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May 2016 Tip of the Month

USING RETIREMENT PLANS TO FUND YOUR BUSINESS IS PLAYING WITH FIRE

It's just so tempting....tapping into your own retirement funds to finance a business.   We've advised quite a few entrepreneurs and even other advisors the dangers of using your qualified retirement accounts (i.e. IRA, 401k, pension, profit sharing plan, etc.) to invest in your closely-held business. We read a recent Tax Court Case (Thiessen v. Commissioner, 146 TC No. 7) that only highlights the dangers.

On the advice of a broker, a couple rolled over their retirement funds into two new IRAs and directed the accounts to buy all of the stock of a new company that they had formed for this purpose. The IRA-owned firm then purchased a business for cash and a note that was secured by the personal guaranties of the IRA owners.  The guaranties by the IRA owners violate the prohibited transaction rules, according to the Tax Court. That means the IRAs were terminated for tax purposes, and the owners wound up having to pay a substantial tax bill.

Could Abo and Company say it any better than Tax Court Judge Marvel when he found that a prohibited transaction resulted, disqualifying the IRA and triggering an $180,000 deficiency:

In closing, petitioners' participation in the prohibited transactions on or about June 18, 2003, caused petitioners' IRAs to cease to be IRAs as of the first day of petitioners' taxable year in which the prohibited transactions occurred....Furthermore, petitioners are deemed to have received distributions on that first day of amounts equaling the fair market values (on the first day) of the assets in petitioners' IRAs as of that first day... We also hold that petitioners are liable for the 10% additional tax...with respect to the $432,076 because neither petitioner was 59-1/2 years of age or older during 2003.

This case illustrates the dangers that can arise when IRA assets are not invested in traditional retirement plan investments (i.e., public company stocks, bonds, mutual funds, CDs, etc.).  Many people might not even think that a guaranty of a company's debt would be the indirect extension of credit to the company's shareholders.  However, a close reading of the applicable tax laws, regulations and cases supports this conclusion.  Such can be true even for a guaranty made with an IRA owned business' purchase of a piece of equipment (e.g., automobile, computer, machinery, copier, phone system, etc.), acquisition of a building for the business, or even entering into contracts for services.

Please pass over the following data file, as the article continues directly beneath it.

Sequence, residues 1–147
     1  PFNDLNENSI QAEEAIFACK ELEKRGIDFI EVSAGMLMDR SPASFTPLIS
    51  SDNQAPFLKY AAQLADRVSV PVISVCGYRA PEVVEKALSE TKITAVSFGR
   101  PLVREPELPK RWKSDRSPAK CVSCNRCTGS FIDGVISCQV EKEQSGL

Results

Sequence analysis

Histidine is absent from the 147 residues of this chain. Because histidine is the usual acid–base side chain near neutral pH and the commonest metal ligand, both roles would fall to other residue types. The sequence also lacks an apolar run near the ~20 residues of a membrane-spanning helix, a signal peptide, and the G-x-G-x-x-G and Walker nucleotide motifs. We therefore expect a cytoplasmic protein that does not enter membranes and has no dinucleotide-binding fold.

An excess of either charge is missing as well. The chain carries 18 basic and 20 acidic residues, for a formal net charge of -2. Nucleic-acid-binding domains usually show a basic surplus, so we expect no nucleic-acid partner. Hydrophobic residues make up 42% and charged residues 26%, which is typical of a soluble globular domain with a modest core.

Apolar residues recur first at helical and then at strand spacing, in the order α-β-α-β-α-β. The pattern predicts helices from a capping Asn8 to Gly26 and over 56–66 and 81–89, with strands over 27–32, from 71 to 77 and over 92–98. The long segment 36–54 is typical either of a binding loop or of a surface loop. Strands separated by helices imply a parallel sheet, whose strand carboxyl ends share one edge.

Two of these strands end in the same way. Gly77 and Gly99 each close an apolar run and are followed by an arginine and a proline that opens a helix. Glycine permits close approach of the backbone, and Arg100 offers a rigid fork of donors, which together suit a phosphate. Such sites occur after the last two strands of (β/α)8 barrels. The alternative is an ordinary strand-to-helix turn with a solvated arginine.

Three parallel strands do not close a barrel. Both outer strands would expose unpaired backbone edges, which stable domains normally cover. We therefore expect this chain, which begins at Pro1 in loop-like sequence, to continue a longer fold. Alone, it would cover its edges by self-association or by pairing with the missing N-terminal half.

Reading this provides us a good opportunity to echo what we've advised for years.  That is that the IRS continues to expand its scrutiny of retirement plans holding assets that do not have a readily ascertainable market value are in for more scrutiny by the Internal Revenue Service. The Service carefully looks at plans holding assets such as closely-held stock, real estate, limited partnerships, coins, and collectibles to determine whether these assets are being properly valued (and that warning is coming from a CPA firm that, in fact, appraises such closely held businesses).

The concern? Well, failure to obtain annual independent valuations can often lead to disqualification of the retirement plan. Thus, you need to have nontraditional assets valued by independent appraisals (like those valuations done by Abo Cipolla Financial Forensics).  We suggest you:

  • Ensure the appraisal is in writing. The valuation report  should identify who provided the valuation as well as their qualifications (go to www.aboandcompany.com for our listed credentials of ABV and/or CVA). 
  • Ensure the report describes the valuation methodology used in arriving at fair market value. 
  • Ensure that the appraiser is truly independent. Relatives, friends, and even the company's CPA may not be appropriate and "independent" for this purpose. 
  • Do not use tax assessment documents as a substitute for a bona-fide real estate appraisal. The IRS will look for a formal appraisal.
  • Consider the additional (and perhaps substantial) costs with getting an annual valuation in tandem with the increased likelihood of audit. Thus, give serious consideration to having the plan divest itself of such "problem" assets in favor of more traditional and marketable investments.